By Jeffrey Kluger and Anne Most
August 10, 2017

Look up at the sky, right now (or at least if “right now” is nighttime) and gaze around for a few seconds. Done? OK. You’ve just seen an eclipse; actually, you’ve probably seen a lot of eclipses.

Most of the time, we think of eclipses as the rare, spectacular phenomenon that is a solar eclipse, like the one that will cross America on Aug. 21— or its paler but still lovely cousin, the lunar eclipse. But in the context of the cosmos, all the term “eclipse” means is one cosmic body moving in front of another, at least partly obscuring it. In our own solar system, the planets are forever eclipsing the sun, depending on your point of view in space, while the moons are forever eclipsing the planets.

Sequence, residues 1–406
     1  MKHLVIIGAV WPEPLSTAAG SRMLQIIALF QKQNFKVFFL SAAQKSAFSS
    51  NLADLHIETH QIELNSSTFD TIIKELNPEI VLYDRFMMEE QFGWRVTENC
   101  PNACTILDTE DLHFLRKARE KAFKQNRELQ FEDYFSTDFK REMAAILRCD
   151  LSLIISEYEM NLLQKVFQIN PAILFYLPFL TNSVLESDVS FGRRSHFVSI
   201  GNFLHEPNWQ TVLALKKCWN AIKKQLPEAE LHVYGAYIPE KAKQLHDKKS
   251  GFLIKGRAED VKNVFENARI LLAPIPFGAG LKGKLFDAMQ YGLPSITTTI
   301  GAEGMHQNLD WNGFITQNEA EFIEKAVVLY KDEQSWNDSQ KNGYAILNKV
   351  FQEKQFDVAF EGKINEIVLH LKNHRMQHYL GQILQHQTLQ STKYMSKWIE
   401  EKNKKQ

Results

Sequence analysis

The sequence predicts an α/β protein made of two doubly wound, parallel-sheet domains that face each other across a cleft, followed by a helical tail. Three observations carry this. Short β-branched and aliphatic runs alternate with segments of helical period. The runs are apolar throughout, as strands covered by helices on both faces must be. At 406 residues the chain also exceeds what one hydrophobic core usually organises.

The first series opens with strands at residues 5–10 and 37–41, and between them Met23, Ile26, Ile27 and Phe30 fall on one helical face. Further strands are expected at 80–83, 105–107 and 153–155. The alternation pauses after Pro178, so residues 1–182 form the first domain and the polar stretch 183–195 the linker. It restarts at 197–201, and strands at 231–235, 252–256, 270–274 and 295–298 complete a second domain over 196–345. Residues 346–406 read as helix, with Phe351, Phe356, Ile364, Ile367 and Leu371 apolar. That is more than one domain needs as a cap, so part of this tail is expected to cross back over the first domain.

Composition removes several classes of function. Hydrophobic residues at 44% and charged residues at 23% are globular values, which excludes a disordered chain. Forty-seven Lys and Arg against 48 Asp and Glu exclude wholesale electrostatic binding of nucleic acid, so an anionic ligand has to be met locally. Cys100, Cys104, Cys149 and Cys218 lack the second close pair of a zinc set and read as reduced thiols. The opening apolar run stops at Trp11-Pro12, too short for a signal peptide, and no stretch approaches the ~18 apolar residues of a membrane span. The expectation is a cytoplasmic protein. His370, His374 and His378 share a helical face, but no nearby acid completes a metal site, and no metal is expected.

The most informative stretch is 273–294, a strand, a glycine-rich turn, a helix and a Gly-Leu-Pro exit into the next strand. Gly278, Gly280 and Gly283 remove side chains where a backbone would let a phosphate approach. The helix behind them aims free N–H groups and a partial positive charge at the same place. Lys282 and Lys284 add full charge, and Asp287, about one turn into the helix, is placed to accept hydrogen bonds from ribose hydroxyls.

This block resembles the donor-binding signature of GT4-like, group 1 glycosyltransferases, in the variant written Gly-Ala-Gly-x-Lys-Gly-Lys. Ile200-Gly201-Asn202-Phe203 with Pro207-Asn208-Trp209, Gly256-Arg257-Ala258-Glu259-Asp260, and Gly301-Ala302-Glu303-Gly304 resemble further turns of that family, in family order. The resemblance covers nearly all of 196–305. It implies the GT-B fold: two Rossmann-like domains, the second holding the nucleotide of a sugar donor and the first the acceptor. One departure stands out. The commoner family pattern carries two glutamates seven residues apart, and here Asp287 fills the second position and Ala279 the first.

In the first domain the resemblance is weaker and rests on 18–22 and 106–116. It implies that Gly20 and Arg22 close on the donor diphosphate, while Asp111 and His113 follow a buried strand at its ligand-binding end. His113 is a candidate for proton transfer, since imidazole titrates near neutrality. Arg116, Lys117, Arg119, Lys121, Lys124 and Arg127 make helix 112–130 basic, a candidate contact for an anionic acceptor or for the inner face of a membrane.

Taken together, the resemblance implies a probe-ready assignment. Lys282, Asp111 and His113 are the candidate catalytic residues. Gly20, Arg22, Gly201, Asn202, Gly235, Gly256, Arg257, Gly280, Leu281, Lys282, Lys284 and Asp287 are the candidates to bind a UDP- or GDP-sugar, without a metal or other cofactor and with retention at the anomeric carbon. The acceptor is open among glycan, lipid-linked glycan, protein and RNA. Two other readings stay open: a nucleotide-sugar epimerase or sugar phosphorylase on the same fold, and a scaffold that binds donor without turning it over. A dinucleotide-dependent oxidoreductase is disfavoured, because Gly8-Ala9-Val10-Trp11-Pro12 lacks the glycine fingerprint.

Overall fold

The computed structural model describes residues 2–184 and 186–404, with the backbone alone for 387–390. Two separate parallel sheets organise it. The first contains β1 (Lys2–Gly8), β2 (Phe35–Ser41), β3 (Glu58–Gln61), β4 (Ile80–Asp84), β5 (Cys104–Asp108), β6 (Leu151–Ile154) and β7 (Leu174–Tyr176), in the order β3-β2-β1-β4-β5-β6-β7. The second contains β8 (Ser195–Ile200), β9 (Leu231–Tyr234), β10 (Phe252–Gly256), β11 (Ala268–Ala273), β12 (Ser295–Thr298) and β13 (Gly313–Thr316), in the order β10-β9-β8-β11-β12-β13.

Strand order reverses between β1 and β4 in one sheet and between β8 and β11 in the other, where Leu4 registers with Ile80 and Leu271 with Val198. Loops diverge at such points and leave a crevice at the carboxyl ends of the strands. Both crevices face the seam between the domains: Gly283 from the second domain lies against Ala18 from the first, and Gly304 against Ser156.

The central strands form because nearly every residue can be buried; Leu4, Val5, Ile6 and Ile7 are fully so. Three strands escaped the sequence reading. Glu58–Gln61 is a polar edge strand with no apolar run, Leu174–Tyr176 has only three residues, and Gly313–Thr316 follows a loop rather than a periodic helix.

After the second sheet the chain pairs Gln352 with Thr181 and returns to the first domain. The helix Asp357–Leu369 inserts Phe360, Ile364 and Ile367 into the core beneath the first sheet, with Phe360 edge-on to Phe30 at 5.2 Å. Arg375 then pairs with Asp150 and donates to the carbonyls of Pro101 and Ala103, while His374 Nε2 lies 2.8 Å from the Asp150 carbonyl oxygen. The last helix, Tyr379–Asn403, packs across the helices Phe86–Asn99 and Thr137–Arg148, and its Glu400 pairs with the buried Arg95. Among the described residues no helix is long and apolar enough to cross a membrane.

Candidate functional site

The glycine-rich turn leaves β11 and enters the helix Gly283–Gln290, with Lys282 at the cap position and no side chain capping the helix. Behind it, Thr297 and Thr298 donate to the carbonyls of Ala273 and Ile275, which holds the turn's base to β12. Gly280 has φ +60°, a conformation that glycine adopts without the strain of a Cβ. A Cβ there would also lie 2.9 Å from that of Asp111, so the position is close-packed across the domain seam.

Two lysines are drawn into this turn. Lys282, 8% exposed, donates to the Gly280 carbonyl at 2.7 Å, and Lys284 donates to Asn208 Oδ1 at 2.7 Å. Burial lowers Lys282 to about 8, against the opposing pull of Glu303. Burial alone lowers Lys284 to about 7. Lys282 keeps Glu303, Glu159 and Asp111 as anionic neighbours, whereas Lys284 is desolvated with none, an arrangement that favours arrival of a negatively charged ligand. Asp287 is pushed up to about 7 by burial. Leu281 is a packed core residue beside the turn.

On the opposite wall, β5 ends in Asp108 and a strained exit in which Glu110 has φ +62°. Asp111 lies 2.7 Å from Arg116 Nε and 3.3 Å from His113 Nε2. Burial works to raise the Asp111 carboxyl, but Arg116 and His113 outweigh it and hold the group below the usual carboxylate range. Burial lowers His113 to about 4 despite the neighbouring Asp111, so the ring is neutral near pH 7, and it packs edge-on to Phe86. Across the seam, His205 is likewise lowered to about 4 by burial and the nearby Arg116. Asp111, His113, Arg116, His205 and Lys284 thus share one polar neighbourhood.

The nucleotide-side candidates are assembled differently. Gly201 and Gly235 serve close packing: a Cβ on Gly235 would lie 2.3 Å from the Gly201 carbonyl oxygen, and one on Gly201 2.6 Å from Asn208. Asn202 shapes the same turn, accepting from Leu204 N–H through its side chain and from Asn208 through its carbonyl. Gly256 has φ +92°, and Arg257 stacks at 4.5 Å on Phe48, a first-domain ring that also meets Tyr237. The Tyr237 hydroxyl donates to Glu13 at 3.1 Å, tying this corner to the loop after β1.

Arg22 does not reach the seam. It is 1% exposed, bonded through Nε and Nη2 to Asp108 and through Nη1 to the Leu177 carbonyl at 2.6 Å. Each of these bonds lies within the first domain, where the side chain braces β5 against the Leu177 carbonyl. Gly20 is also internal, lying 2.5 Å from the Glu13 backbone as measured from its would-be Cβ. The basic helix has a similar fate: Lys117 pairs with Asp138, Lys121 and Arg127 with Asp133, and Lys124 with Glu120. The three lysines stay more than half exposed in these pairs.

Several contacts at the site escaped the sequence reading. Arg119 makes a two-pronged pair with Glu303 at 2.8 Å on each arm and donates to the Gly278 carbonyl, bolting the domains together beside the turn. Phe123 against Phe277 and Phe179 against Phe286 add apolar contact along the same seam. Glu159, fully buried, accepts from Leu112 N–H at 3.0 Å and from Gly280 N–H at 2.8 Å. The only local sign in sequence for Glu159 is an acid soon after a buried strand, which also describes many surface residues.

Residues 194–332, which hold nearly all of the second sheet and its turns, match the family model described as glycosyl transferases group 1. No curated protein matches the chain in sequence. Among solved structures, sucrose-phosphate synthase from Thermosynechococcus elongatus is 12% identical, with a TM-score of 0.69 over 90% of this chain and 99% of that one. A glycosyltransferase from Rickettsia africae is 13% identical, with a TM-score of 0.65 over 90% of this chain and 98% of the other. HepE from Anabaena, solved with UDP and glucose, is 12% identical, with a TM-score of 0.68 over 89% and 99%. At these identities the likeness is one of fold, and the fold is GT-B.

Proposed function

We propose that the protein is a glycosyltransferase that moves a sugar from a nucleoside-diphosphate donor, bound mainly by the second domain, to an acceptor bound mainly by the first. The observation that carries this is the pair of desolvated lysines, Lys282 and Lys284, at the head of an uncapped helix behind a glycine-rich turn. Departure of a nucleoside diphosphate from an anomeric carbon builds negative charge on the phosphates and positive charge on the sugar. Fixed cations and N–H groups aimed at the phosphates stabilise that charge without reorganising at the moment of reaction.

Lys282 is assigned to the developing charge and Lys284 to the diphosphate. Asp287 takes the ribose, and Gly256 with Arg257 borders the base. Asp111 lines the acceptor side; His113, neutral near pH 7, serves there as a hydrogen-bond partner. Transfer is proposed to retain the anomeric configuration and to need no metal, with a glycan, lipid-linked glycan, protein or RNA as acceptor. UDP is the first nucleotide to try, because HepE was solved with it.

The Kepler Space Telescope, which has been in solar orbit since 2009, has discovered thousands of distant planets by looking for what are essentially mini-eclipses — the dimming of light that occurs when the planet passes in front of its parent star. Those eclipses are hardly total; the dimming is the equivalent of removing a single light bulb from a board of ten thousand bulbs — but it can be enough to prove the existence of a world where once we knew of none.

Such distant eclipses don’t make for very pretty pictures — or any, really. But as the video above shows, the ones around our own parent star do. Our solar system has always been an ongoing display of stunning visual arts; the secret is in knowing where to take your seat.

Write to Jeffrey Kluger at jeffrey.kluger@time.com.

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